The Sweetness at the Bottom of the Pie : A Flavia de Luce Mystery Book 1, Paperback Book

The Sweetness at the Bottom of the Pie : A Flavia de Luce Mystery Book 1 Paperback

Part of the Flavia De Luce Mystery series

4 out of 5 (5 ratings)


Meet Flavia: Mystery Solver. Master Poisoner. 11 Years Old.England 1950. At Buckshaw, the crumbling country seat of the de Luce family, very-nearly-eleven-year-old Flavia is plotting revenge on her older sisters.Then a dead bird is left on the doorstep, which has an extraordinary effect on Flavia's eccentric father, and a body is found in the garden.

As the police descend on Buckshaw, Flavia decides to do some investigating of her own.Praise for the historical Flavia de Luce mysteries:'The Flavia de Luce novels are now a cult favourite' Mail on Sunday'A cross between Dodie Smith's I Capture The Castle and the Addams family...delightfully entertaining' GuardianFans of M.

C. Beaton's Agatha Raisin, Frances Brody and Alexander McCall Smith will enjoy the Flavia de Luce mysteries:1.

Sweetness at the Bottom of the Pie2. The Weed That Strings the Hangman's Bag3. A Red Herring Without Mustard4. I Am Half Sick of Shadows5. Speaking From Among the Bones6. The Dead in Their Vaulted Arches7. As Chimney Sweepers Come To Dust8. Thrice the Brinded Cat Hath Mew'd9. The Grave's a Fine and Private PlaceIf you're looking for a cosy crime series to keep you hooked then look no further than the Flavia de Luce mysteries.* Each Flavia de Luce mystery can be read as a standalone or in series order *


  • Format: Paperback
  • Pages: 384 pages
  • Publisher: Orion Publishing Co
  • Publication Date:
  • Category: Crime & mystery
  • ISBN: 9780752883212

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Showing 1 - 5 of 5 reviews.

Review by

When she finds a body in the garden, eleven year old Flavia de Luce puts her passion for chemistry and the tricks she's learned outwitting her sisters to good use in her attempt to untangle the mystery.I have slightly mixed feelings about this novel. I wasn't convinced by the character of Flavia across the whole book… but sometime she was completely believable as a bratty child playing tricks on her sisters and thinking she knew better than all the grown-ups. I didn't find the setting in 1950s England convincing… but the entertainment value of the story was pretty good, and the writing was engaging.I wasn't thrilled with the <i>deus ex machina</i> ending… but I think I'd have found any other ending even harder to swallow, and at least this did show that no matter how clever and resourceful Flavia was, she was also vulnerable. I'm struggling to decide whether to rate it at 3½ or at 4 - it scores high as an entertaining read, and as an intriguing puzzle of a mystery, but it never really pulled me all the way in, and for that I think I'm taking it down to a 3½.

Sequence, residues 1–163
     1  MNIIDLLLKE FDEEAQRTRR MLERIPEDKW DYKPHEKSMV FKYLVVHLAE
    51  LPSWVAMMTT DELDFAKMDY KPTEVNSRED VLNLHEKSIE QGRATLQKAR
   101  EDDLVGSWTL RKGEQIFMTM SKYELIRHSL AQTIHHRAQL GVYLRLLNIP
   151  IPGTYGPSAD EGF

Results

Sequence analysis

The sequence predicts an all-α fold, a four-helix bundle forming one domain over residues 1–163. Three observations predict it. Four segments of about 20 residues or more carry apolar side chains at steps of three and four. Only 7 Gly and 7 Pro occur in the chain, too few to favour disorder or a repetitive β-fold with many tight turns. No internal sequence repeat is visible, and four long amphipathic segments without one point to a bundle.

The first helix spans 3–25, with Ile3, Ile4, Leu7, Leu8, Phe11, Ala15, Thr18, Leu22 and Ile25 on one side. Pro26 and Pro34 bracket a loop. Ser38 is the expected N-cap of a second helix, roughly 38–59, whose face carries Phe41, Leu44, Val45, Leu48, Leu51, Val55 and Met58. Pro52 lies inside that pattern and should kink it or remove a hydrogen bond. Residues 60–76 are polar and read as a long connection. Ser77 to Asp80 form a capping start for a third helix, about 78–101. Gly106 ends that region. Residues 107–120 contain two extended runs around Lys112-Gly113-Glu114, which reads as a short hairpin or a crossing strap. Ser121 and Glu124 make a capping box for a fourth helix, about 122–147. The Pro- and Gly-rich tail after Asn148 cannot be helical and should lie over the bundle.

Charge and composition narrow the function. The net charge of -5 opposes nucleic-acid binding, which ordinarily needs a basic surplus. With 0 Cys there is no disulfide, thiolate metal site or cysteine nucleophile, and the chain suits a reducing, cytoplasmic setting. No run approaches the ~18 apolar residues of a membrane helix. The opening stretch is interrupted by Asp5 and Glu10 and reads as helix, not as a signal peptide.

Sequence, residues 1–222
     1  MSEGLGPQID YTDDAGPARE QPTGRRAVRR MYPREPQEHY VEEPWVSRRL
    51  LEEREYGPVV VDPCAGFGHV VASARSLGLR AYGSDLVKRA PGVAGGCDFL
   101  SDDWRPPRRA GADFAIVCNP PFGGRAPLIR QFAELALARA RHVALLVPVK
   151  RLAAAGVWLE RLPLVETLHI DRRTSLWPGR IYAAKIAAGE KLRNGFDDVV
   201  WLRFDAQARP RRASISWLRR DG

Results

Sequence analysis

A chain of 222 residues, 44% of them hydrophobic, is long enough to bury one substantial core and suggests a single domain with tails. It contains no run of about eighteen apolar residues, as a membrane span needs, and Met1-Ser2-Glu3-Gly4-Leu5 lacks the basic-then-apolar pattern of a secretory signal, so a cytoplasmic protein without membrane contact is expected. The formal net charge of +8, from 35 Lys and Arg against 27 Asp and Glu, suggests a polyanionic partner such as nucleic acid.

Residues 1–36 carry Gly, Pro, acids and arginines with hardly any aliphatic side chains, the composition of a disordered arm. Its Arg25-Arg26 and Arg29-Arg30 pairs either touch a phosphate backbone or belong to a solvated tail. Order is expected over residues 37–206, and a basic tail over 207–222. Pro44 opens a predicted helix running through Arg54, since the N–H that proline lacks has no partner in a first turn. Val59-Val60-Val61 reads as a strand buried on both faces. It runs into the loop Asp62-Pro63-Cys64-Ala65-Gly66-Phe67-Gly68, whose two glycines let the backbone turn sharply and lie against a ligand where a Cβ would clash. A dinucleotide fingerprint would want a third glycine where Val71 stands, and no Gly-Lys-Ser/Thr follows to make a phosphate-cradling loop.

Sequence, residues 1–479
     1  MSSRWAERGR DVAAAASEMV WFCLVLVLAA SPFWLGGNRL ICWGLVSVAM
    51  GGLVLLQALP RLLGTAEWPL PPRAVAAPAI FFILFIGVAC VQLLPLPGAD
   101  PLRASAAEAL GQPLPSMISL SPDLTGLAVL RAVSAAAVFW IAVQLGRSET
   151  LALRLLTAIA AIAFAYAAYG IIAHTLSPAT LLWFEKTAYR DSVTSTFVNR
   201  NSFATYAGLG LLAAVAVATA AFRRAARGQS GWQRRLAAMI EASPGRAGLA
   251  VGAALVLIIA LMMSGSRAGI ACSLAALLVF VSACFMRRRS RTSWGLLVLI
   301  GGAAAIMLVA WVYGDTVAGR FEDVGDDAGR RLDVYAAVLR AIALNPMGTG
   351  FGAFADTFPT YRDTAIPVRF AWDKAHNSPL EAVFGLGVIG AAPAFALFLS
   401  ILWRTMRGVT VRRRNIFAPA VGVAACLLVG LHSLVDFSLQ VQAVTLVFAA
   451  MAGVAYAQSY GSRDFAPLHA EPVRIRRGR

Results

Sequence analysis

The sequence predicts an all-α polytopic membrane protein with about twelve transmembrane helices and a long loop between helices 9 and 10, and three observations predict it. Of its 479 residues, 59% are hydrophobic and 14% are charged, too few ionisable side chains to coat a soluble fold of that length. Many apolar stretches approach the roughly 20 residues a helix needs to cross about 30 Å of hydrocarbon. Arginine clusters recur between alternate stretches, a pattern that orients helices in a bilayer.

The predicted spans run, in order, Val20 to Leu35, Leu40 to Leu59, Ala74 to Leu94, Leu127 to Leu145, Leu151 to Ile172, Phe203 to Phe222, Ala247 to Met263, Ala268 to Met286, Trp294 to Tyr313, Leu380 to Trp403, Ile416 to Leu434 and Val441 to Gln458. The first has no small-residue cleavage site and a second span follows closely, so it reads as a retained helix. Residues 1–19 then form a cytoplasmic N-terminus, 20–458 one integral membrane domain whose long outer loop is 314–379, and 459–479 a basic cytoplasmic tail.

Review by

A wonderful, funny, book. I forgave all the Americanisms which crept into the text; it is the best book I have read in a long while.

Review by

Fresh, original, quirky and vastly enjoyable novel.

Review by

Summary: 11-year-old Flavia de Luce finds an expiring redhead in the cucumber patch. Her father is accused of the murder by the local constabulary, and it's up to Flavia to solve the problem, unaided by her terrible older sisters Ophelia and Daphne. Loyal man-about-the-house Dogger comes to her aid...This is the first Flavia de Luce mystery, the second being The Weed That Strings the Hangman's Bag, which I loved. Sweetness was excellent too - but I think that Bradley had really honed Flavia as a character a bit better when it came to the second book.All the characters are excellently set up - the three girls, their father, Mrs Mullet the cook, and Dogger, along with the various police personalities and of course the background of the dead man. Setting the mysteries in 1950s English countryside (Bradley is Canadian) provides a remote environment in which Flavia can operate much more independently and believably than she would be able to today. And the English countryside lends so much charm, with the family estate being in a general state of dilapidation (as always) and mysterious family money going back generations.As with Hangman's Bag, I would say that the book is a little simple, but it's very refreshing and Flavia is a delightful tour guide.

Review by

This is not my usual fare from the mystery table as I usually pick at the darker, seedier end and I went into this English country house murder mystery with a little trepidation. The sleuth and narrator is an 11 year-old girl, youngest of three sisters who live with their father at the crumbling ancestral home of Buckshaw in 1950's rural England. Flavia, the precocious girl in question, likes nothing more than experimenting in her chemistry laboratory and uses her inquisitive mind to concoct suitable vengeance on her two older siblings who always seem to gang up on her. Early one morning she discovers a dying man in the cucumber patch and is a little disconcerted when it turns out to be the same man she stumbled upon having an argument with her father the night before. Surely daddy didn't do it? But the police seem to think so and even go so far as to arrest him. After getting the brush off from the local inspector, Flavia takes matters into her own hand and tries to find out what really happened.The characters were superbly brought to life in a setting which allowed them to and while the mystery wasn't overly engaging, Flavia's attempts to find the clues and make sense of them was more than enough to keep me reading until the end. The pacing is almost spot on with moments of humour and reminders of the time period slipped in with the investigations. A pretty good début offering from a 69 year-old Canadian who had never stepped on English soil until after he wrote it. I’ll definitely carry on with the series at some point.